COS 44-9
Feasibility and stability of large ecosystems

Tuesday, August 11, 2015: 4:20 PM
321, Baltimore Convention Center
Jacopo Grilli, Ecology and Evolution, University of Chicago, Chicago, IL
Stefano Allesina, Ecology & Evolution, University of Chicago, Chicago, IL
György Barabás, Ecology and Evolution, University of Chicago, Chicago, IL
Amos Maritan, Physics, University of Padova
Samir Suweis, Physics, University of Padova
Matteo Adorisio, Physics, SISSA
Jayanth Banavar, Physics, University of Maryland

The stability of large ecosystems has been a longstanding problem in ecology. Since the seminal work by May we have tools and methods to study local asymptotic stability in terms of random matrices. In particular we know how stability scales with diversity and complexity and that they are in a inverse relation.  This approach has been generalized to study the effect of different interaction types, making possible to identify which properties of interaction strengths are responsible for stability. Recent results
have also been able to include relevant aspects of the structure of empirical interaction networks.

Stability is related to perturbation of population abundances, while feasibility (and structural stability) is related to perturbations of growth rates and to the volume of the domain of growth rates leading to positive population.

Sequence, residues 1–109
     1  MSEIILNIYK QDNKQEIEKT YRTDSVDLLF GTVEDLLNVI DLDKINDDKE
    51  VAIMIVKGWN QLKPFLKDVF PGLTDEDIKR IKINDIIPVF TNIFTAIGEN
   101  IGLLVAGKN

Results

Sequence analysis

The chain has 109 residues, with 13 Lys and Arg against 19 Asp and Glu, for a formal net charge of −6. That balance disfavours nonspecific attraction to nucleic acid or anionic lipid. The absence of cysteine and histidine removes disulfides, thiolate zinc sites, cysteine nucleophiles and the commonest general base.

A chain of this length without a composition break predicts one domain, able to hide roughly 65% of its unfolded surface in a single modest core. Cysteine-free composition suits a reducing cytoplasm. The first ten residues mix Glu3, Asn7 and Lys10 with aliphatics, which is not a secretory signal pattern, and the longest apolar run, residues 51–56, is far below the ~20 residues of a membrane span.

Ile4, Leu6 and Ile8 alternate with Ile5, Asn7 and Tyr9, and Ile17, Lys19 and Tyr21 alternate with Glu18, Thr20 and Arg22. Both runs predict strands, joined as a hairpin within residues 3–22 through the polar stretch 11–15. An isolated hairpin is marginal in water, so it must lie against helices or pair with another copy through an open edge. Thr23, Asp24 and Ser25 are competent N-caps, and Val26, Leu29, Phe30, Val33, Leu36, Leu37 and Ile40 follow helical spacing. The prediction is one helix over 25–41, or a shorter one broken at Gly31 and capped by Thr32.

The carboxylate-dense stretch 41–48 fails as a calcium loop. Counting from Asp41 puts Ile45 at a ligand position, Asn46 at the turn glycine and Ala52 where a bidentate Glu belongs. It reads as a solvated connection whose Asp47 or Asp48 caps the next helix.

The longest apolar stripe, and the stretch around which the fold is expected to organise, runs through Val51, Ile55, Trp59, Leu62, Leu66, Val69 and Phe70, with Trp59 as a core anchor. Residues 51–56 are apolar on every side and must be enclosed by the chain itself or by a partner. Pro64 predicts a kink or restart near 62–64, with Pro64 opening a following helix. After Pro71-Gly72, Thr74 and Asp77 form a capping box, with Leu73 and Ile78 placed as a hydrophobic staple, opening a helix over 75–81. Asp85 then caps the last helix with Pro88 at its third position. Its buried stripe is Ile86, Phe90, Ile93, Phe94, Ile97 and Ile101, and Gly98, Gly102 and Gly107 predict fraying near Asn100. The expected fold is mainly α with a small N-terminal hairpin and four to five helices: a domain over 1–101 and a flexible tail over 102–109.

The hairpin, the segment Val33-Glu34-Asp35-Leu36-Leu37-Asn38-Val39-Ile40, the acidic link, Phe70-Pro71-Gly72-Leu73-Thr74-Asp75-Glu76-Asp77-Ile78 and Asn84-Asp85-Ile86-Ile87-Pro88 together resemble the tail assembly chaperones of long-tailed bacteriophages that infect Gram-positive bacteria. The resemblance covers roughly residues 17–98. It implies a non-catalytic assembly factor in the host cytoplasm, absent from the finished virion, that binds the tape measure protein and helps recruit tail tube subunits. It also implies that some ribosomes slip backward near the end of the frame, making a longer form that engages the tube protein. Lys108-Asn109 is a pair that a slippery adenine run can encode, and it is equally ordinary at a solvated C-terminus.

Feasibility and stability, are different but not independent properties. Using new computational methods, we are able possible to determine feasibility for large ecosystems. In this talk I will show how feasibility scales with diversity and complexity for different interaction types. Moreover we address the connection between feasibility and stability, showing that simple relations hold. For instance the two quantities turns out to be equivalent for large mutualistic systems.

We introduce a new measure able to incorporate the probability of extinction given a perturbation of the growth rates. This quantity turns out to be in a very simple relation with local asymptotic stability, showing a beautiful and unexpected connection with the classical result of May.